Among these manuscripts was a complete copy of the Old Testament book “Isaiah,” dated around 125 BCE (the actual book was penned around 700 BCE).
At the time, the oldest copy of Isaiah known to be in existence was penned around 1000 CE.
There was a stretch of almost 2000 years between what was originally written and what we had in our hands. It was widely believed, understandably, that the 1000 CE copy of the Isaiah scroll could be nothing like the original. Too many scribes (and others) had gotten their hands on it – surely it was corrupted beyond restoration.
And now we could prove it. We had a copy of this scroll that was penned somewhere in the middle between the original and the 1000 CE version. Everyone knew beyond the shadow of a doubt that when the 125 BCE version was compared to the 1000 CE version of the Isaiah scroll, they’d be different, proving that the people who made all these copies, changed them – over and over again.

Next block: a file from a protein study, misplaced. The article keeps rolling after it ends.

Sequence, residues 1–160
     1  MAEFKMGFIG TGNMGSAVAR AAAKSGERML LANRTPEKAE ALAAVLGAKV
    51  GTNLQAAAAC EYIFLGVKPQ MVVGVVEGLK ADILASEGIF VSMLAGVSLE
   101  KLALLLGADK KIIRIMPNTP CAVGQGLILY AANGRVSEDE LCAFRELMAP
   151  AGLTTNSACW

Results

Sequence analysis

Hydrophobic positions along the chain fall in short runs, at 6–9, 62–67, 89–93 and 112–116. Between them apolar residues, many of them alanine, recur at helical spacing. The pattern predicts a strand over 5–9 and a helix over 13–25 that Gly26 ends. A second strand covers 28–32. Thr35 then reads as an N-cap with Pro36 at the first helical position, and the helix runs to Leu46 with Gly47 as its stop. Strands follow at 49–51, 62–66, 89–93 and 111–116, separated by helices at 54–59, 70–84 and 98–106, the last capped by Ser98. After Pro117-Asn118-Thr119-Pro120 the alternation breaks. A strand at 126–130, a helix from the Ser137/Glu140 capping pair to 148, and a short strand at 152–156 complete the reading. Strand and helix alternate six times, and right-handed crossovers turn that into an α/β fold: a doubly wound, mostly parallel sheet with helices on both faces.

Here’s what happened, and it turned everyone’s understanding of the Bible on its head – for awhile.
When the 125 BCE Isaiah scroll was compared to the 1000 BCE version, there were differences. Here’s an example of one place where these two scrolls diverged – from Isaiah 53:3, what many scholars believe to be a prophecy of the coming Messiah:
- He is despised and rejected of men; a man of sorrows, and acquainted with grief: and we hid as it were our faces from him; he was despised, and we esteemed him not. 1000 BCE version
- He is despised and rejected of men and man of sorrows, and he knows grief: and we hid as it were our faces from him; and despised him, and we esteemed him not. 125 BCE version
Of all the differences now catalogued between these two versions, 95% of the time, they’re not a big deal, and don’t change the meaning of the text. Sure, there’s an occasional “big deal” change that was made by ancient scribes, but a) it doesn’t happen very often and b) modern scholars are really good at comparing all the manuscripts we have and getting at the original – sort of like people who restore old paintings, they can tell what’s missing by what’s there.